Although accessibility in web design is a fairly new concept for many businesses and website owners, it has long been an important issue for the 1 in 5 Americans who live with disabilities. Due to the lack of website accessibility awareness, many websites are non-navigable for disabled Americans; and it has been noted that 71%* of web users with disabilities will simply leave a website that is not accessible. On top of that, many of those same individuals have started turning to their lawyers for help in making website accessibility changes happen across the globe.
Accessibility in web design has become a major point of contention in the U.S. As individuals with disabilities continue to pay closer attention to web accessibility standards than ever before, the number of website accessibility lawsuits continues to rise – thanks in part to both the Web Content Accessibility Guidelines (WCAG) and the Section 508 standards of the Rehabilitation Act (which requires all federal agencies to make their electronic and information technology accessible to people with disabilities), both of which were updated in 2018.
WCAG Areas of Coverage
Currently, the Americans with Disabilities Act (ADA) – which was signed into law in 1990, before the Internet as we know it existed – does not explicitly name websites and/or apps as part of its jurisdiction. But the law prohibits discrimination “on the basis of disability in the full and equal enjoyment of the goods, services, facilities, privileges, advantages, or accommodations” offered by places of public service, and the Department of Justice has taken the position that websites are, indeed, considered places of public service.
Using the DOJ’s interpretation of the law, adopting an ADA compliant website design is a requirement for three main types of organizations:
- Businesses that exist to benefit the public, including education, transportation and telecommunication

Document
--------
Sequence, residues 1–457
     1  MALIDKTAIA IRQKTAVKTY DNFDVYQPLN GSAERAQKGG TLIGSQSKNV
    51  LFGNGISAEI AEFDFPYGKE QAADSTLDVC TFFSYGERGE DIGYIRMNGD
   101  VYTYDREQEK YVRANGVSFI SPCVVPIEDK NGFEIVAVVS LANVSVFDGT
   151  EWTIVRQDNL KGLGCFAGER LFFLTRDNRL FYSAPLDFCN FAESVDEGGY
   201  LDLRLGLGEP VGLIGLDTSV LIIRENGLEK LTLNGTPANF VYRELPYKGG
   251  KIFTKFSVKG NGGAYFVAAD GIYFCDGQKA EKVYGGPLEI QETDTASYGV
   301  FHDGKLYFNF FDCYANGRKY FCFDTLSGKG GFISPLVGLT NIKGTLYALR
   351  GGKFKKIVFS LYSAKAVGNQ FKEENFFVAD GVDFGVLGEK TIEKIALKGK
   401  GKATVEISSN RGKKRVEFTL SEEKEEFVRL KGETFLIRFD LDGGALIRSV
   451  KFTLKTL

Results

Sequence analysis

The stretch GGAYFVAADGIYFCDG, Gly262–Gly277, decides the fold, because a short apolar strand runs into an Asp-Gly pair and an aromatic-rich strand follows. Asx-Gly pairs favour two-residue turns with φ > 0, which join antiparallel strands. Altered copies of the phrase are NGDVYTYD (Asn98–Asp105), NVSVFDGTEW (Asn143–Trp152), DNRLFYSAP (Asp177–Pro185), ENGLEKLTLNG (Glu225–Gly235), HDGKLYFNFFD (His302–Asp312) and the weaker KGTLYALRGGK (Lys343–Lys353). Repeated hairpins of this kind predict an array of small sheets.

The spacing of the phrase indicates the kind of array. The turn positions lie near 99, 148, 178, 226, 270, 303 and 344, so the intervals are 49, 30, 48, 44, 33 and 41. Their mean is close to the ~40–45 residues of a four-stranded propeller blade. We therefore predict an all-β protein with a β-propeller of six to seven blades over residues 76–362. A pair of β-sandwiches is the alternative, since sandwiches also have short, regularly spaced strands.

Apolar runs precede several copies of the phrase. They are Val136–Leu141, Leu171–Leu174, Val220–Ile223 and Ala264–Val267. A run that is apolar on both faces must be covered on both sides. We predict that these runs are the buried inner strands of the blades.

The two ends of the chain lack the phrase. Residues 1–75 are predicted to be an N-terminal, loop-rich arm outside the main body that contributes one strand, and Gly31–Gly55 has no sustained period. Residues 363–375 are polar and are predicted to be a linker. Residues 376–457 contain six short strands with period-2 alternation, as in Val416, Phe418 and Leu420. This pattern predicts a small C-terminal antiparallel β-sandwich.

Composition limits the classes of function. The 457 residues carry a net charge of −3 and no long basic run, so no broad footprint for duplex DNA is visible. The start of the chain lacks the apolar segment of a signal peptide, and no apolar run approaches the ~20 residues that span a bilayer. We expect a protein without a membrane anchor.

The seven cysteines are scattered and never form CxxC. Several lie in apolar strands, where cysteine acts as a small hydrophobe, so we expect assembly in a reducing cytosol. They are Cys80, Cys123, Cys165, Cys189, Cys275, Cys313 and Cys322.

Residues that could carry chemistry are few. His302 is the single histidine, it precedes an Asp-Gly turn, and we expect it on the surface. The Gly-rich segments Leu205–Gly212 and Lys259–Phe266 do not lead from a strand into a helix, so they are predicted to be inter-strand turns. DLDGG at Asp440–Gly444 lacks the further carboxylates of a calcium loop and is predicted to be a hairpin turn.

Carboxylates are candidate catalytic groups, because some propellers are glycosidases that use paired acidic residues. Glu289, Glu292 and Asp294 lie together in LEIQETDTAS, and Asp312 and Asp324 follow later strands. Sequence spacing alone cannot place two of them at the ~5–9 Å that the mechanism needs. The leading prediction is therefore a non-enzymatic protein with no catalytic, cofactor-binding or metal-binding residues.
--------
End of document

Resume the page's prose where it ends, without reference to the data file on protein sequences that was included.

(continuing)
- Local or state government agencies
- Private employers with 15 or more employees
Another way to think about it is, if the physical location of your business is required to comply with ADA standards, you should assume that ADA and 508 compliance are a necessity for your website as well. But even if it’s not, abiding by WCAG standards – which covers a wide range of recommendations for making web content more accessible – is always a good idea because it ensures that all visitors to your website are able to experience the full scope of the site, and no one is left feeling alienated or confused by what is happening on the screen.
schedule a consult today
According to the latest WCAG guidelines, known simply as WCAG 2.1, accessibility involves a wide range of disability types, including:
Ensuring accessibility in web design can be an intimidating undertaking, but you can’t have a website that is just “a little bit compliant.” You either do it right, or you don’t do it at all.
For the most part, the requirements for an ADA compliant website design are technical in nature and include steps like implementing alternative text (or hidden code) that can be read by third-party assistive technologies, or removing time limits, limiting media from automatically playing, and making sure the site is fully navigable by only a keyboard. Some website owners may find that a number of WCAG requirements are already in place on their sites just by chance, or that the updates that need to be made to ensure WCAG compliance are pretty simple in nature. But full Americans with Disabilities Act website compliance could also lead to major, sweeping changes to the look and feel of your website if not properly implemented from the start.
Some of the more design-heavy requirements include maintaining a particular contrast ratio between your text and background colors, and ensuring that the text on your website can be scaled up to as large as 200% without leading to viewing issues, such as horizontal scrolling or content-breaking layouts.
Ensuring WCAG Compliance
While there are many tools around the web that are designed to help ensure that your website is ADA and WCAG compliant – including the Web Accessibility Evaluation (WAVE) tool, which highlights the areas on your site that need to be improved or changed – these instruments are not recognized as effective by the government, and their use will not hold up in court. At Paradigm, we partner with ADA-certified auditors who have entire test teams comprised of people with disabilities, and they are dedicated to thoroughly evaluating the sites we develop to ensure compliance, support any necessary remediation efforts, and constantly monitor the website accessibility environment for any changes that may affect our sites. These partners are strictly vetted by our team, and they will stand by you in court if an accessibility lawsuit were to be brought up against you.
Creating an ADA compliant website design should be a priority for any business – but don’t let the requirements overwhelm you. Contact us today and we’ll help you get your site on track to WCAG compliance.